"The automaker claims that it would be ready to produce as many as 25,000 vehicles between [sic] its 3 models, R1T (pickup), R1S (SUV), and EDV (delivery van), but that supply chain issues plaguing the industry is limiting their guidance to 25,000 units this year."

Since the 25,000 figure includes the EDV's, this seems to mean is that Rivian will deliver just 1,250 R1's, on average, each month for 2022 (25,000 less 10,000 EDV's = 15,000 R1T/S for the year). That means roughly 1/3 of the original pre-order holders will get their trucks this year. I did not see a breakdown of truck vs SUV production, but given the difficulties getting the R1T up to FRP numbers, I would expect that only a handful of R1S's will be delivered.

If Rivian manages to double production by next year, that would allow them to roughly fulfill all of the initial pre-orders by the end of 2023. But that also means 2023 production will include the R1T Max and the R1S, variants that will tend to decrease production rates. And perhaps unsurprisingly, there is no word from Rivian on when the R1S "no longer Max" model will start to deliver. All of this seems to call into question the estimated delivery dates that many of us received.

I anticipated that Rivian would produce about 20,000 R1 vehicles this year but it now looks like that estimate was overly optimistic. Usually, I'm happy to be proved wrong, but not in this fashion. Perhaps the 2022 Q1 report will have some good news.
I think many folks in this forum missed that the recent projection for 2022 INCLUDES EDVs. Past projections did NOT include EDVs. Hence a significant reduction in R1s for 2022. No getting around that. New (delayed) delivery window estimates are certainly coming.

Optimistically (foolishly) the parts supply will not be as bad as thought but more realistically it will be even worse.

Rivian has made some mistakes but I think we should focus our disappointment for the delays on current world wide unpredictable uncontrollables.

Also that we should anticipate delays for most things as a part of life. Wanting what you want when you want it is a thing of the past.

Lets not forget that there IS a substantial difference between a Need and a Want …. IMHO R1s are a want.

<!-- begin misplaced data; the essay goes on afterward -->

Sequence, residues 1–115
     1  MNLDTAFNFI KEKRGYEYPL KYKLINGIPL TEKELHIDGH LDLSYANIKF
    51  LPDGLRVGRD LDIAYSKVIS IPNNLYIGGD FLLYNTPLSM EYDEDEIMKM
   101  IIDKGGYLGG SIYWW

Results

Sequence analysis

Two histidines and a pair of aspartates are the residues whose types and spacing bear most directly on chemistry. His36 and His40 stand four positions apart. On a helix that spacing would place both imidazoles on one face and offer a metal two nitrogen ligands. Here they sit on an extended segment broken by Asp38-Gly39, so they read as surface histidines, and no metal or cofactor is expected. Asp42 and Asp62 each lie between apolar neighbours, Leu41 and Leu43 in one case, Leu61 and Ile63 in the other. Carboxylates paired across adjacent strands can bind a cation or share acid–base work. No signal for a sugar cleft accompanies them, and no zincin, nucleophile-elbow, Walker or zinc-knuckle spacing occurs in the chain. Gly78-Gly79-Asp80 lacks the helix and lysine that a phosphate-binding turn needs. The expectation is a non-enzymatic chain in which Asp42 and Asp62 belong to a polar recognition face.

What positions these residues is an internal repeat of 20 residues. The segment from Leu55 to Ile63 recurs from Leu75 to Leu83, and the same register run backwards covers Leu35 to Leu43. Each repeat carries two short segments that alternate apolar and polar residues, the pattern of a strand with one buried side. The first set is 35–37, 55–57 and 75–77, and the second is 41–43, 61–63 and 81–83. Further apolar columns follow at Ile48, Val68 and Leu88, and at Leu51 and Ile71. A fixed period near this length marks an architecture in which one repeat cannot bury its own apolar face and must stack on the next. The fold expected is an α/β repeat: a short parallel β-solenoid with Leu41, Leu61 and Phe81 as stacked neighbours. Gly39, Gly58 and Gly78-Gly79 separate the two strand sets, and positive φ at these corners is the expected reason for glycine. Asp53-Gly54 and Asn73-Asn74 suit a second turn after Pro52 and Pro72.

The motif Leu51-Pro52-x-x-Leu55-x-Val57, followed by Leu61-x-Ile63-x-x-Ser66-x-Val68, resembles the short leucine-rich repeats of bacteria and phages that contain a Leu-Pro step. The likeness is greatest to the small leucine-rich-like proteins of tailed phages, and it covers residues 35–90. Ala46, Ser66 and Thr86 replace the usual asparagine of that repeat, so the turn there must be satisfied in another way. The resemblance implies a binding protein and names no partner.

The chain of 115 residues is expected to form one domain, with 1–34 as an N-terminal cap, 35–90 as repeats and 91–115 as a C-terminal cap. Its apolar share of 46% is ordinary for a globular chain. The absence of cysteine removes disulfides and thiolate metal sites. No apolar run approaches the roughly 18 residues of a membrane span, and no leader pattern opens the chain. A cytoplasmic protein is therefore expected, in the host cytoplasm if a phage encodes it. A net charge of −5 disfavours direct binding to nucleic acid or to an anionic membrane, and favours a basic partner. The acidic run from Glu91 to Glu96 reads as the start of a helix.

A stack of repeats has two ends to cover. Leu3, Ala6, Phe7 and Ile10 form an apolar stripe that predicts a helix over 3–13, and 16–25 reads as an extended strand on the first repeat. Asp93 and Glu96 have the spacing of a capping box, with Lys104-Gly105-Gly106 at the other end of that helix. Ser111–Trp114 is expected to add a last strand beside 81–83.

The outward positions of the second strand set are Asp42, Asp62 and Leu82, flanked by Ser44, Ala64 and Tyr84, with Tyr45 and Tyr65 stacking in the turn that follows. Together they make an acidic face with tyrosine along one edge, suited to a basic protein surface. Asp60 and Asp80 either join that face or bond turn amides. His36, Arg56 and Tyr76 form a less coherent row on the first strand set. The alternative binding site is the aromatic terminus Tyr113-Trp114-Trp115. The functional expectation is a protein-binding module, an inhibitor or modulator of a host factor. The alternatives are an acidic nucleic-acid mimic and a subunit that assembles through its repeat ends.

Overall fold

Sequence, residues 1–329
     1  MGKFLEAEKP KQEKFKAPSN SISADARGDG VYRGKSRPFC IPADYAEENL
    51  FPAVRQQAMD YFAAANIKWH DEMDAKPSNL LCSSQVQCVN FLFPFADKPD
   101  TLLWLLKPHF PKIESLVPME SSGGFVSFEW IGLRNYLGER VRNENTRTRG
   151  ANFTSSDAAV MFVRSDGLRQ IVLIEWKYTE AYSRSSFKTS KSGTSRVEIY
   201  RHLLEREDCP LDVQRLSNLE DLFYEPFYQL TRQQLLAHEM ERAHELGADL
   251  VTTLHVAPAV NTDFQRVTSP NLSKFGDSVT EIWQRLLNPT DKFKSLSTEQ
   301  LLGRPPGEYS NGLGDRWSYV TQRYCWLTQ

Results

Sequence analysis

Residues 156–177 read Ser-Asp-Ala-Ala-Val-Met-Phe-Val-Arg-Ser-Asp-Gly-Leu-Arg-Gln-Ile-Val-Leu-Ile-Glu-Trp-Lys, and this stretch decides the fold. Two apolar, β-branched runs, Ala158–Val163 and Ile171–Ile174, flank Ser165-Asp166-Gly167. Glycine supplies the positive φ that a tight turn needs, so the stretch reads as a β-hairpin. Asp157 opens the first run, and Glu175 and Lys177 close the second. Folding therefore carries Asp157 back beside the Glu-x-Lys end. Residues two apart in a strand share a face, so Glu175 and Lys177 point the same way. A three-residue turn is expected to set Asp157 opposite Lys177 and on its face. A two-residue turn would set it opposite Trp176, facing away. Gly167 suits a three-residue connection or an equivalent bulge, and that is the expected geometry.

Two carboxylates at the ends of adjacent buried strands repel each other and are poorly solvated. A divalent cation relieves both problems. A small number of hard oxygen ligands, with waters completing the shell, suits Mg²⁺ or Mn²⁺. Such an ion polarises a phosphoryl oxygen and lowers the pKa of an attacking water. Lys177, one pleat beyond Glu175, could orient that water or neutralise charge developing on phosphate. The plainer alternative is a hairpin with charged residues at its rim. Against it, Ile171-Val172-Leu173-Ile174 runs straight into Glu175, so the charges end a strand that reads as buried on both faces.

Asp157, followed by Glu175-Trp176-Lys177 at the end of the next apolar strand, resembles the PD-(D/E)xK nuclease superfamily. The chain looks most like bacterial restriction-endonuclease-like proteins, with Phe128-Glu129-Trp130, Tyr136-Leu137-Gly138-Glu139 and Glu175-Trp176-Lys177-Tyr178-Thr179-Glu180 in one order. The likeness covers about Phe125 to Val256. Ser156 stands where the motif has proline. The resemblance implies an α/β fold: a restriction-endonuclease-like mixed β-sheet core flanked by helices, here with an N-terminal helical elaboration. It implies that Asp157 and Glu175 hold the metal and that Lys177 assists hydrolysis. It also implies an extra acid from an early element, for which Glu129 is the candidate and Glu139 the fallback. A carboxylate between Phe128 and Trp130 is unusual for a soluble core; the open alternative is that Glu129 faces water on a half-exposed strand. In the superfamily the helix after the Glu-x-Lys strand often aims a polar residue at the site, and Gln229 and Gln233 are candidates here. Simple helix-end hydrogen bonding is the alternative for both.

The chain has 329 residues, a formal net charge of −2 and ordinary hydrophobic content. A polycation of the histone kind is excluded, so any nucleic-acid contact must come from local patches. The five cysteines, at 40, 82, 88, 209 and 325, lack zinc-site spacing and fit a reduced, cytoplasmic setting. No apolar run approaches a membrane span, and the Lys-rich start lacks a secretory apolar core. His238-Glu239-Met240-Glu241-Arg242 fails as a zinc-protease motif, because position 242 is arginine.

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Discussion Starter · #7 · (Edited)
I think many folks in this forum missed that the recent projection for 2022 INCLUDES EDVs. Past projections did NOT include EDVs. Hence a significant reduction in R1s for 2022. No getting around that. New (delayed) delivery window estimates are certainly coming.

Optimistically (foolishly) the parts supply will not be as bad as thought but more realistically it will be even worse.

Rivian has made some mistakes but I think we should focus our disappointment for the delays on current world wide unpredictable uncontrollables.

Also that we should anticipate delays for most things as a part of life. Wanting what you want when you want it is a thing of the past.

Lets not forget that there IS a substantial difference between a Need and a Want …. IMHO R1s are a want.
Also neglected is that the new estimate of vehicle production for 2022 is half of what Rivian projected in 2021.

Some other data points in the Q4 report include that total vehicle production as of early March is 2,425 of which 1,410 were produced in 2021. That means that about 1,015 vehicles were produced in two months and so production will need to average about 1,398 each month going forward to get to the new estimate of 15,000 for the year. Rivian will need to nearly triple their present monthly rate to get there, which could be a challenge.

In addition, the report states that by the end of 2022, the new in-house motors will be fitted to the EDVs and that R1's, both dual and quad-motor versions will have them by late 2023.

Finally, Rivian stated that they plan to shift to LFP batteries for the standard-range vehicles (currently all models use NCA batteries) and that their total orders were now 83,000.